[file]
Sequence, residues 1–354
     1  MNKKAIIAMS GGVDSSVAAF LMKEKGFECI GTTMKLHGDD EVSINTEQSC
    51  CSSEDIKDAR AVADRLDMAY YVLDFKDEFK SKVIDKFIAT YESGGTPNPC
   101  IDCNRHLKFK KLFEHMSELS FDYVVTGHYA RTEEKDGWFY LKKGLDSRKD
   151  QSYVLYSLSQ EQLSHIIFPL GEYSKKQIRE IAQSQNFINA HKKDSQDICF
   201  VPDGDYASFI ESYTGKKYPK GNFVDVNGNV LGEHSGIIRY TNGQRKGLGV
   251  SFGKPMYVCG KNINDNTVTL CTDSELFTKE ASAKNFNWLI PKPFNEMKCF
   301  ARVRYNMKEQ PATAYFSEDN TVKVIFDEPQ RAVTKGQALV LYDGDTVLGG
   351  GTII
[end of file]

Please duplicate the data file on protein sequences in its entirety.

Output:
Sequence, residues 1–354
     1  MNKKAIIAMS GGVDSSVAAF LMKEKGFECI GTTMKLHGDD EVSINTEQSC
    51  CSSEDIKDAR AVADRLDMAY YVLDFKDEFK SKVIDKFIAT YESGGTPNPC
   101  IDCNRHLKFK KLFEHMSELS FDYVVTGHYA RTEEKDGWFY LKKGLDSRKD
   151  QSYVLYSLSQ EQLSHIIFPL GEYSKKQIRE IAQSQNFINA HKKDSQDICF
   201  VPDGDYASFI ESYTGKKYPK GNFVDVNGNV LGEHSGIIRY TNGQRKGLGV
   251  SFGKPMYVCG KNINDNTVTL CTDSELFTKE ASAKNFNWLI PKPFNEMKCF
   301  ARVRYNMKEQ PATAYFSEDN TVKVIFDEPQ RAVTKGQALV LYDGDTVLGG
   351  GTII